One study suggests that the bioavailability of cannabinoids varies greatly based on consumption method and many other factors, some of which are unknown. The study shows that THC has an average bioavailability of 30%, but it can range as low as 4%. Of any THC that is ingested, inhaled, or otherwise applied, only about 1% reaches the brain. Because this number is low, it is important to ensure that you’re getting the most out of your cannabis products, which will help increase the number of cannabinoids that your body can put to use.
In many cases, the lower bioavailability is linked to cannabis edibles. This study gives edibles a potential bioavailability range of 4-12%. The reason that the bioavailability of some edible products is so low is due to what has been named the “first pass effect” and has to do with the way the body filters and metabolized cannabis edibles during digestion.
What’s the ‘First Pass Effect’?
The first pass effect refers to a phenomenon common in the metabolization of drugs in which a percentage of the drug is lost before it is absorbed into the bloodstream. Any substance intended to be absorbed by the gastrointestinal tract will first be filtered by inactive compounds in the liver and gut lining. These compounds react with the substance and filter out a portion, and only what’s left passes through to systemic circulation.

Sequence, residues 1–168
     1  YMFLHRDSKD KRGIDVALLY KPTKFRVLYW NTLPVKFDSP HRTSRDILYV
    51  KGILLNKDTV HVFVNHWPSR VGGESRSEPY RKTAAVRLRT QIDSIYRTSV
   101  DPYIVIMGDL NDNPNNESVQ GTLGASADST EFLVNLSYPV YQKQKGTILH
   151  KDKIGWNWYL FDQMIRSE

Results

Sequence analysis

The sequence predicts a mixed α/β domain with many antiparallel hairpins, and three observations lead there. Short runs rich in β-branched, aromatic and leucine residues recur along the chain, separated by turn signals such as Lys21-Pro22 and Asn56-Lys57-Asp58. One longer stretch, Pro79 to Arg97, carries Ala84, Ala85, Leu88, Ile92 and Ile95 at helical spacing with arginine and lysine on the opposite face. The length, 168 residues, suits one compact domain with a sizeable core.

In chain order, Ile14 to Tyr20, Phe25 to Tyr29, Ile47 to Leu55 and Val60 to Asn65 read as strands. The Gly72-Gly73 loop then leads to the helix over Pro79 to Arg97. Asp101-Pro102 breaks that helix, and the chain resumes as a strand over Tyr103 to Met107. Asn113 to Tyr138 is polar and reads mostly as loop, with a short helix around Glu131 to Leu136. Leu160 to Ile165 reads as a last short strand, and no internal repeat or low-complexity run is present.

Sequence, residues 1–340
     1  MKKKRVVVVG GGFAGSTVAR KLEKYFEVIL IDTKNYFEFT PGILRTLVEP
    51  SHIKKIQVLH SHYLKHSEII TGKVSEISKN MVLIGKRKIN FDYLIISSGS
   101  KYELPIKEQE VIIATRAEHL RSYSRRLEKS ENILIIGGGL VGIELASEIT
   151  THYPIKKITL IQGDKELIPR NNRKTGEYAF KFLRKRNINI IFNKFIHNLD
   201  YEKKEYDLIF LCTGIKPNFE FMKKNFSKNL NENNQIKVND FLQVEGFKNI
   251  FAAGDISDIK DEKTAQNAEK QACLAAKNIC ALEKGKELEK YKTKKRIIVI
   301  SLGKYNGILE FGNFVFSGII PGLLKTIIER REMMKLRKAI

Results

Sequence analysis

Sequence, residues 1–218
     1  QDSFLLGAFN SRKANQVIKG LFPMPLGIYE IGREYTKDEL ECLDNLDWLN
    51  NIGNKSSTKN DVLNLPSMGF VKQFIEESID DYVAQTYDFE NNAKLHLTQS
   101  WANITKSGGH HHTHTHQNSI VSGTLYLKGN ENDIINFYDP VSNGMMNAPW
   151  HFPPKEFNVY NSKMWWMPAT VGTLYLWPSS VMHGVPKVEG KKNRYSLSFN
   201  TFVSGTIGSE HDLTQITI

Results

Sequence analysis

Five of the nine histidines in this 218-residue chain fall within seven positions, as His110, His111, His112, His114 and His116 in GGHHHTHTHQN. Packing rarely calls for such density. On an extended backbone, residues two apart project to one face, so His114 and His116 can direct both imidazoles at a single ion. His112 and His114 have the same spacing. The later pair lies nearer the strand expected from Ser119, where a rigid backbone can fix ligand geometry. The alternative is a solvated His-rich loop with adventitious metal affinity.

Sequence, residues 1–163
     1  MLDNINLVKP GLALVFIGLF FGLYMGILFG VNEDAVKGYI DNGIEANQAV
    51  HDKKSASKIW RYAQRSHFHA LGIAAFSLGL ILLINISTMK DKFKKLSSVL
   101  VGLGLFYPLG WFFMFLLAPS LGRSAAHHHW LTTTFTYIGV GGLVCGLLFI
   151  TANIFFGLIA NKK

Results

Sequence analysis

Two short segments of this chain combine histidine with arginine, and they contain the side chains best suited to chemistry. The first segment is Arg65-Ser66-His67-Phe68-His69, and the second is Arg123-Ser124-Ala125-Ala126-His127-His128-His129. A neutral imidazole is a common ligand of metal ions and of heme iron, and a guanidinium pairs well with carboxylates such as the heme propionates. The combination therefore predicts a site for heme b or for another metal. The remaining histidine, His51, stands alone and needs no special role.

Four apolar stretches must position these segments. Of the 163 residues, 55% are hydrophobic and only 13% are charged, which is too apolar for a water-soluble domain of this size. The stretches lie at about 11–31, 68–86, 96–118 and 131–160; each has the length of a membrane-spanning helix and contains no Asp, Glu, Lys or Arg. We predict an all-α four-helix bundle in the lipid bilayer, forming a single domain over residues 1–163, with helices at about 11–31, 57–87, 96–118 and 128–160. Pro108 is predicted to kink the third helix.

Cannabis and CBD edibles are subject to the first pass effect and lose some of their potency during digestion. This means that slightly higher doses may be tolerated when using edibles vs smoking, vaping, or another consumption method. Still, the amount of the drug that is absorbed during the first pass effect is generally considered to be low, which is why many medications are taken orally today.
Still, many people report stronger, longer lasting effects when taking cannabis edibles. Research has yet to validate the increased effects or identify any reason for these effects, and they are odd in spite of the lowered bioavailability. Still, many who have experience with edibles will attest to their increased potency.
When considering CBD, the same can be said. CBD is still subject to the first pass effect and CBD edibles have lower bioavailability than many other products. However, many people experience relief from cannabidiol edibles that is longer lasting than other CBD products. This may have to do with the rate at which the CBD is metabolized during digestion, versus when it is consumed via other methods, like smoking or vaping.
Many non-oral products give greater bioavailability simply because they avoid the first pass effect. Still, one oral CBD product is designed to bypass much of this “first pass effect,” giving users an oral cannabis option that is more bioavailable than most edibles: CBD tinctures.
What’s The Best Way to Absorb CBD?
With your newfound understanding of bioavailability and first-pass metabolism, you may be wondering “What’s the best way to take CBD?” Unfortunately, that question isn’t as straightforward as it may seem. Fortunately, however, there are many ways to consume CBD, which makes it easy to find the best product for you. The most effective form of CBD will carry for everybody, and choosing a great product means considering a variety of your personal factors and needs.